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Quainton News Archive - No. 58 - Autumn / Winter 1985 / 86
The Year of the Visitor - Janice Uphill
In this 'Year of the Visitor' I have been mindful of our Chairman's words at the last Annual General Meeting, that it is through giving the visitor what he wants that he will return and thereby help make Quainton a success. In the last 'Quainton News' we read of the shortage of helpers with the children's birthday parties - and I was thinking how rewarding the parties can be when you see the happiness of the children involved. A few weeks ago I was firing 7715 with the up yard passenger train. The rain was pelting down and it was cold too when I took up my stand on the footplate - and within five minutes I was soaked, as the Pannier has such an open cab. I 'borrowed' Reg's duffel coat while drying my jacket on the backhead and prepared to get the fire and water ready for our first journey. Several very brave visitors appeared muffled up in raincoats - and we let them come in turns on the footplate for a warm-up and then sit in the carriages in the dry, even if they were not having a train ride (though, of course , we hoped they would!). The visitors were all very grateful and asked the usual questions as to how I got interested in the steam locomotive - and nodded understandingly when I said my husband was driving the train in the other yard. One man suggesting it was a case of "If you can't beat 'em, join 'em!" but I assured him this was not the case and that I had always been interested in railways.
Two birthday parties had been booked - the first party had their look round the footplate and the birthday child blew the whistle, but then trouble started with the fire. I was shovelling away and found I was putting clods of earth on, as this is what seemed to be filling the bunker; to add to our problems, the 'coal' was all soaking wet. We poked and prodded the fire, but to no avail, it all began to cake up and the pressure dropped alarmingly. While muttering rude things about those who drive our new coal loading tractor and ought to have L-plates on, my kind driver threw out the whole fire and started again, while the trainee fireman got in the bunker and threw out all the clods of earth and other extraneous ballast and cinders. The second birthday party was ready for their view of the footplate and train ride, so I was sent to do a public relations stint and entertain them in a carriage for half an hour while the fire was put to rights. The poor birthday boy kept asking if he would have his ride - and I must say the parents were most forbearing as I assured them that all would be well shortly. For having to wait, the boy and his father were given a footplate ride - and it was most illuminating to see the happiness of both of them when eventually it took place.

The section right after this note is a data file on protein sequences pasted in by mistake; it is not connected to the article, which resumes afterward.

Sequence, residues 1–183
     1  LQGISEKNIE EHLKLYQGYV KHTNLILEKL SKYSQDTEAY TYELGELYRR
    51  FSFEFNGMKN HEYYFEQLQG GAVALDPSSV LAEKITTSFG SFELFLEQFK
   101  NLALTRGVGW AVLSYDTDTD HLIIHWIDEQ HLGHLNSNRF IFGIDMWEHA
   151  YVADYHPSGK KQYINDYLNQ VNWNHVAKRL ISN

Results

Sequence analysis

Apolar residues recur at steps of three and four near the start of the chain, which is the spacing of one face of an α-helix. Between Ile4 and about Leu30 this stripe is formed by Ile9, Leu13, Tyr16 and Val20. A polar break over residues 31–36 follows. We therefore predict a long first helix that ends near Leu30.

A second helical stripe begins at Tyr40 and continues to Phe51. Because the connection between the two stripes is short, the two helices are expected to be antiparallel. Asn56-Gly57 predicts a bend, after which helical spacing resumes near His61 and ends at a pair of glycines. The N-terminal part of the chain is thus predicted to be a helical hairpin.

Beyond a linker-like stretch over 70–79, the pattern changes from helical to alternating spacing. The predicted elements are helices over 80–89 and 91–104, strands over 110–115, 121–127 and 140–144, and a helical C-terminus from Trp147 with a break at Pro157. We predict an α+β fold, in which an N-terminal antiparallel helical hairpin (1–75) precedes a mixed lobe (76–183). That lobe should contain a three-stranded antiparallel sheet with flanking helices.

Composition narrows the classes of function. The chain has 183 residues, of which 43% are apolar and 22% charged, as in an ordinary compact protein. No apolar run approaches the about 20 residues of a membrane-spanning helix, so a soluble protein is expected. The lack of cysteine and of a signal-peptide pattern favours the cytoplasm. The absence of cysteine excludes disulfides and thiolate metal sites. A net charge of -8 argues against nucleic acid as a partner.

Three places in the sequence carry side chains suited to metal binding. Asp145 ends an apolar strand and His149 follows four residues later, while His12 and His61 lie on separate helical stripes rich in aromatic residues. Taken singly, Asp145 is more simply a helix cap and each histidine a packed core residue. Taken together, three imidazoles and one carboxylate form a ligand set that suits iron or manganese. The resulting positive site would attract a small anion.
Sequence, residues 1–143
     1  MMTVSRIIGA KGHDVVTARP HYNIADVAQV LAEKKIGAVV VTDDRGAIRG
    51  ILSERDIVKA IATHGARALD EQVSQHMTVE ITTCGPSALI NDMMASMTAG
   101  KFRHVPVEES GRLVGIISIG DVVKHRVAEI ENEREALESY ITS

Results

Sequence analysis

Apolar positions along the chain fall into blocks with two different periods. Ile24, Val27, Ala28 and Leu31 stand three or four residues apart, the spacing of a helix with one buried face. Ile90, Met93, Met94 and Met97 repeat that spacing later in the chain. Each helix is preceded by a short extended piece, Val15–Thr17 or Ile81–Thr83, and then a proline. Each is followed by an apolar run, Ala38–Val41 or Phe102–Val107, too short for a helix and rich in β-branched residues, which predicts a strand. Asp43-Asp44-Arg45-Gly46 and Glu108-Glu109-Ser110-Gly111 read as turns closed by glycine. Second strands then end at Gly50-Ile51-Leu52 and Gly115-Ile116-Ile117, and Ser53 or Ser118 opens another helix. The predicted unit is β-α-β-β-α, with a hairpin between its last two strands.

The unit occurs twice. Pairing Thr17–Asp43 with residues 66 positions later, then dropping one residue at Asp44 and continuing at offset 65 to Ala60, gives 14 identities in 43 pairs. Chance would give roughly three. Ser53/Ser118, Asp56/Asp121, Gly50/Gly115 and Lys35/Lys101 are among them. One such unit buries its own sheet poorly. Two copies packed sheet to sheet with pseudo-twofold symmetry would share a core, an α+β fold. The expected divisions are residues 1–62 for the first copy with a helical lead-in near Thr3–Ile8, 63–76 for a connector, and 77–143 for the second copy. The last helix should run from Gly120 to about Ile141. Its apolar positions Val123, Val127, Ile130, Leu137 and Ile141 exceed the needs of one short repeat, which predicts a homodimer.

I suppose I could sympathise with the child, as I can still remember swapping a doll with a little friend for a clockwork green engine when I was about the age of four, then putting it in my sandpit. We children were quite happy with the arrangement, but the boy's mother was not - and I can still see the furious look on her face as she shook the sand out of the engine, while returning the doll!
On 24th April this year I helped with the Industrialists' Day as Chairman's Receptionist. This was very different from my paid job as a Secretary, where I am usually in the back room and only know people by their voices on the telephone. I hope I acquitted myself well - it was quite interesting meeting business people and a change from my work in a psychiatric out-patient clinic. One visitor was a Mr Beattie and we made sure he had his photograph taken alongside 0314! I think this must have paid off, as I believe his firm has since provided us with free paint. Being a receptionist also means being a chucker-outer, as we had to get rid of a gatecrashing gricer, who was determined to photograph Met. No. 1, which was not then in service, but being steamed up for testing purposes only. It took three of us to gently edge him off the platform and back to his car - and the notice at the gate said firmly that we were closed for a special visit!